By Janet Murikira, Giants Club African Conservation Journalism Fellow, Baraka FM.
Published 21 March 2018.
An exercise to plant more than 10,000 trees in Mombasa officially kicked off on Wednesday.
The exercise being run by bigship CBO a conservation community-based organization based in Jomvu sub-county kicked off to coincide with the World international Forest day.
The exercise seeks to replant part of the 80% mangrove tree cover that has been gradually lost over the years.
Speaking during the kick off of the exercise, Mombasa county environment county executive Dr. Godfrey Nato said that conservation of the ecosystem in the county was also beneficial in driving tourism in the region.
“If we can develop some infrastructure on this mangrove then we can be able to raise sensitization on the importance of mangroves,” Dr. Nato said.
Dr. Nato said that the county was in the process of developing an arboretum in the county so as to sensitize and educate the community on the different tree species available in the county while rehabilitating a Mombasa county tree nursery located in Mazeras in Kilifi county.
The exercise which is expected to run for 6 months saw 500 trees planted at the Tudor creek in Jomvu Sub-county.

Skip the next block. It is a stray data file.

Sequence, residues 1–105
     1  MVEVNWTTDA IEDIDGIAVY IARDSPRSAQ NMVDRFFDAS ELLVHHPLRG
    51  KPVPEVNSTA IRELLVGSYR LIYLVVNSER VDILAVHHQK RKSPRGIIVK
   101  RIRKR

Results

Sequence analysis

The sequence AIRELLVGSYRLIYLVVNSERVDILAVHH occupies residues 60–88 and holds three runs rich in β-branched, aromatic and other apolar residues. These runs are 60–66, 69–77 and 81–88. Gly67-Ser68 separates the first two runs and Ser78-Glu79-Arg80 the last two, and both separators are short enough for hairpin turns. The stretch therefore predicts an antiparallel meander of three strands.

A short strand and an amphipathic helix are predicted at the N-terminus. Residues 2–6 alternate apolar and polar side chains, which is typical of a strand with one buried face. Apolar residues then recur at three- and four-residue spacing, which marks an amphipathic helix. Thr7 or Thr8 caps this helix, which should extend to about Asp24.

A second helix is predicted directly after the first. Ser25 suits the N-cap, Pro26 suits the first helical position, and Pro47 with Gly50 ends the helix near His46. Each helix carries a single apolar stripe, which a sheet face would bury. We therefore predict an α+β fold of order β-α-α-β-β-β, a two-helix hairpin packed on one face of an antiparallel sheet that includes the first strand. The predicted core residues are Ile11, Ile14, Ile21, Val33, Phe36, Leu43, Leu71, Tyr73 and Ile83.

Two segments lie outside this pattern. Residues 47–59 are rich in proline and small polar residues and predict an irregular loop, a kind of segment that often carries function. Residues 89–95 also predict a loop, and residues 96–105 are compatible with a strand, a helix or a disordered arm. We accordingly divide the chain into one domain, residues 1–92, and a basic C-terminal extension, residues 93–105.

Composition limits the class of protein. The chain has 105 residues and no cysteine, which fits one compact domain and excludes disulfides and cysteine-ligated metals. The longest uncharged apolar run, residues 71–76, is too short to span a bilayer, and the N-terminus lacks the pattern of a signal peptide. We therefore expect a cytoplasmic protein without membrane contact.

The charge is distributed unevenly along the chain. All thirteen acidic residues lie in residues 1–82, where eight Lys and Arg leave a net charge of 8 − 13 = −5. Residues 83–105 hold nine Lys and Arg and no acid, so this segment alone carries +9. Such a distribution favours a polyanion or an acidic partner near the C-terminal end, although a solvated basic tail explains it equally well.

However, the organization running the exercise says that they are facing a shortage of 7000 trees to turn their dream into a reality.
According to Akula Hamisi, the chairperson of the Bigship C.B.O, the organization could only manage to get 3000 trees.
“We plan to replant more than 10,000 trees by the end of the year but as per now we only have 3000 so we are calling upon stakeholders to help us get more trees so that we can reach our 10,000 goal,” Akula said.
Reports state that more than 80% of the mangrove forest cover in Mombasa county has gradually been lost through deforestation, climate change and pollution.
This has left conservationists issuing red flags as mangroves are an important mitigating factor in the war against global warming due to their ability to quickly absorb carbon emissions.
With global warming having been attributed to the rising sea levels, Mombasa county has not been spared.
Earlier in the year, the National Museums of Kenya kicked off an excersise to rebuild a perimeter seawall at fort jesus to prevent it from eroding into the sea after its original wall eroded into the sea due to rising sea level.
- Read the original story here. This story is reproduced here as part of the Giants Club African Conservation Journalism Fellowships, a Space for Giants programme to expand the reach of conservation and environmental journalism in the four countries where we work.